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Mar 17, 2018

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Feb 26 2015

A question often posed to real estate students and professionals is “why are you interested in real estate?” For Bruce Cohen, CEO of Wrightwood Financial, the answer is simple: it is an inefficient market where you can produce outsized returns on a risk adjusted basis. More particularly, it’s a relationship based industry that accommodates entrepreneurship. Mr. Cohen came to Kellogg’s Allen Center on January 28 to address a group of twenty students over lunch on a career in real estate. Bursting with energy and not once taking a bite of his food throughout the two-hour session, Mr. Cohen laid out a series of important and practical concepts for students pursuing careers in real estate.

Trust was the most important concept that Mr. Cohen highlighted. Dismissive of the term “networking,” which he believes implies an agenda, Mr. Cohen emphasized the importance of relationship building with a long term focus, devoid of any short term goals. Mr. Cohen shared how critical trust-based relationships are in real estate and how forming these connections early is a pivotal first step to forging the ties that will ultimately bear fruit as one’s career unfolds. Mr. Cohen cited examples of trust building within the context of the dozens of complex negotiations in which he has been engaged throughout his career. “The idea that both sides should be bloody has never made sense to me,” according to Mr. Cohen. Rather, a negotiation in which you’d be comfortable taking either side, governed by a sense of fairness, is the kind that sows the seeds of healthy, long-term business and personal relationships, with the business and personal blurring over time.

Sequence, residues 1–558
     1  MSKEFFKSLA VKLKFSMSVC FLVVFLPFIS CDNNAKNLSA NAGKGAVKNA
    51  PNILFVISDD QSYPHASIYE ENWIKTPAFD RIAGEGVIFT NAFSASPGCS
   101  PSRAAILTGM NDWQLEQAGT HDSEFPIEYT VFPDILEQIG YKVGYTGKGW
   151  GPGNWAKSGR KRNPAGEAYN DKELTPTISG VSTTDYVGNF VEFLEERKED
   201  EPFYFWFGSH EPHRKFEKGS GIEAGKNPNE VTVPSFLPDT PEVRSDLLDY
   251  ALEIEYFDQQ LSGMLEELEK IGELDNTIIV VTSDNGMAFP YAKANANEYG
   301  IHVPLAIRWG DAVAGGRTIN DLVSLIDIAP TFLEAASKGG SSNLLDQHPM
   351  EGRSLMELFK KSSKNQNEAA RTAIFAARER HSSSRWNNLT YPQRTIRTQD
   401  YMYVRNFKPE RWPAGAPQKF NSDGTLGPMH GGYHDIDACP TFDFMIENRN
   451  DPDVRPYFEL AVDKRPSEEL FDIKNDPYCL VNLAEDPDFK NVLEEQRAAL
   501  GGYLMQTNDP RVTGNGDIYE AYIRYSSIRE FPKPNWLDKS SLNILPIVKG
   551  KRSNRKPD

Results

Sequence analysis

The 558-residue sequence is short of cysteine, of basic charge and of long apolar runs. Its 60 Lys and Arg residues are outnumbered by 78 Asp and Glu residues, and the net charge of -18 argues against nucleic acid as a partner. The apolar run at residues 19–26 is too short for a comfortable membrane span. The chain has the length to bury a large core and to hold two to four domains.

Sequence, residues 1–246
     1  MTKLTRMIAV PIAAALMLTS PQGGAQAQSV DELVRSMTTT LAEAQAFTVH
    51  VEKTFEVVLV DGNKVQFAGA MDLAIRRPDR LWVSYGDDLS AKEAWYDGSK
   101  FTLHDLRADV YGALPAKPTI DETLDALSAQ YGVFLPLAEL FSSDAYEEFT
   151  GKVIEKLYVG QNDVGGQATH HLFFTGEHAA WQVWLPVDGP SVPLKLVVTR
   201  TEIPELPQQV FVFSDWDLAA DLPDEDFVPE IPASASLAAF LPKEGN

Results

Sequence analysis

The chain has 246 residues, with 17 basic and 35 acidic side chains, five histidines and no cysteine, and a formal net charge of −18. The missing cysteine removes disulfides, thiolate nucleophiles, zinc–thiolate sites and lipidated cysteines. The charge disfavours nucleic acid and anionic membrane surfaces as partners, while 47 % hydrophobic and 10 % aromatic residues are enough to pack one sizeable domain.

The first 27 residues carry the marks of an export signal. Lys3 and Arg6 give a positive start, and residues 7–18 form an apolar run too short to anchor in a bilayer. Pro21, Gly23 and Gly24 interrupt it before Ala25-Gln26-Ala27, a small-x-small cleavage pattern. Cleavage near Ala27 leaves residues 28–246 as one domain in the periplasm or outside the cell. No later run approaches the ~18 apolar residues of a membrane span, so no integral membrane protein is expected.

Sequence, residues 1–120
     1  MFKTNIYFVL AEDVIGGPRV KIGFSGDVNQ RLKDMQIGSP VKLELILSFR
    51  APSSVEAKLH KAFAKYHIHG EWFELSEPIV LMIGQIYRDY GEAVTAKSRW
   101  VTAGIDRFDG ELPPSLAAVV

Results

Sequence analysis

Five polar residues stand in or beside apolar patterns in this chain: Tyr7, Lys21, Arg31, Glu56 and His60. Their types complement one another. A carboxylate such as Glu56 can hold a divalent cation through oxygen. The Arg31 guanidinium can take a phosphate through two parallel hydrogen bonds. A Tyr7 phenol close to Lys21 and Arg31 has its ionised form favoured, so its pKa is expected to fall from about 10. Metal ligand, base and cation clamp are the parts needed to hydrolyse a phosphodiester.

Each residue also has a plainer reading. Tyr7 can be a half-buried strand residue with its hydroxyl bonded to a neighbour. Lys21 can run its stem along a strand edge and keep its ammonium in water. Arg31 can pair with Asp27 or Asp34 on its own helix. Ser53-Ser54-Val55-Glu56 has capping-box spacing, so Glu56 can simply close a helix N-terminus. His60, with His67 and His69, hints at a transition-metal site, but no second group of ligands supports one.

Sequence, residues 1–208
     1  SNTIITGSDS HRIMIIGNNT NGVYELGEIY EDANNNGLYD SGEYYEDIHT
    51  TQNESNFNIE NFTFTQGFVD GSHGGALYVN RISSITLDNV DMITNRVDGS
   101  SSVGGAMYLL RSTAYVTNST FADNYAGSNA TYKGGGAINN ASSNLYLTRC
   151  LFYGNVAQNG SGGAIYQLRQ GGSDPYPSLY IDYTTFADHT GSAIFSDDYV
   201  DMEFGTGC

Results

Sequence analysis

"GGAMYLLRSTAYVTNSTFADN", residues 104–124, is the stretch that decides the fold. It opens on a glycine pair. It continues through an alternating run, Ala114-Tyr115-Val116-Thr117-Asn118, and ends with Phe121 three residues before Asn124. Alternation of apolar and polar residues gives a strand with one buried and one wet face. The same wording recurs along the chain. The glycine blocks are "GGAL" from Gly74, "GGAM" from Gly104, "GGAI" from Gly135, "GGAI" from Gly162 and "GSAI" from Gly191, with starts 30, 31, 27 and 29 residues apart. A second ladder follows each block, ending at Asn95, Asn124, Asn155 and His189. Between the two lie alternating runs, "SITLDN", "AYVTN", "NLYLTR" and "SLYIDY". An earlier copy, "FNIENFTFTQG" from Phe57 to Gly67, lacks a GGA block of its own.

Mr. Cohen also highlighted the importance of an “appropriately framed timeline” as real estate students consider their career options. “You do discounted cash flows in making decisions on assets all the time,” said Mr. Cohen. “Why wouldn’t you do such a DCF when considering your own human capital? Think about your return over a series of years and not just in your first year out of school. The short term economics will quickly seem irrelevant if the long term ones are suitably compelling. Beyond that, you’ll always generate more when you pursue something about which you’re passionate.” Overall, Mr. Cohen cited a broad universe of longstanding relationships as the foundation by which he and the firms in which he has been involved have grown, survived market volatility, and prospered.

While trust and a long timeline are solid career guides, in real estate, says Mr. Cohen, finding competitive advantage or “an edge” is key. “You can’t win when you’re just doing what everyone else is doing. There are always ways to establish points of differentiation in this asset class.” More importantly, Mr. Cohen conveyed that although simple in nature, given that the industry is driven by the relationship between the supply and demand of space and the supply and demand of capital, asymmetrical information exists everywhere, creating the opportunity to produce the type of alpha that investors seek. Mining those inefficiencies is where the entrepreneur finds success and can generate profits for themselves and their investors.

These lessons are already proving essential as Kellogg students work to position themselves in the best way possible for careers in real estate.

About the Author

This article was written by Ari Parritz '16.